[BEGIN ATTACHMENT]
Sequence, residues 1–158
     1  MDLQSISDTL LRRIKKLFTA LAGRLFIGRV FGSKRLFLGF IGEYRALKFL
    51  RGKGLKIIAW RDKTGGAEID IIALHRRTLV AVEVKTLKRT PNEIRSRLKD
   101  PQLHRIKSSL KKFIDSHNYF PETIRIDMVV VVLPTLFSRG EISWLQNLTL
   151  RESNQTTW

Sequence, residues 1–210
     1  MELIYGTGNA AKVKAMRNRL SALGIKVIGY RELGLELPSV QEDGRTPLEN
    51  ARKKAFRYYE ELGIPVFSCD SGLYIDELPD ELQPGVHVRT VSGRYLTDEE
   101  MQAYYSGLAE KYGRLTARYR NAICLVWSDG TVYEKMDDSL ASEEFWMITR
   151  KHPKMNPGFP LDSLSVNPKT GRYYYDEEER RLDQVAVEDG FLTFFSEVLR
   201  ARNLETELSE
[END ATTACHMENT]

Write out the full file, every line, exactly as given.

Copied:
Sequence, residues 1–158
     1  MDLQSISDTL LRRIKKLFTA LAGRLFIGRV FGSKRLFLGF IGEYRALKFL
    51  RGKGLKIIAW RDKTGGAEID IIALHRRTLV AVEVKTLKRT PNEIRSRLKD
   101  PQLHRIKSSL KKFIDSHNYF PETIRIDMVV VVLPTLFSRG EISWLQNLTL
   151  RESNQTTW

Sequence, residues 1–210
     1  MELIYGTGNA AKVKAMRNRL SALGIKVIGY RELGLELPSV QEDGRTPLEN
    51  ARKKAFRYYE ELGIPVFSCD SGLYIDELPD ELQPGVHVRT VSGRYLTDEE
   101  MQAYYSGLAE KYGRLTARYR NAICLVWSDG TVYEKMDDSL ASEEFWMITR
   151  KHPKMNPGFP LDSLSVNPKT GRYYYDEEER RLDQVAVEDG FLTFFSEVLR
   201  ARNLETELSE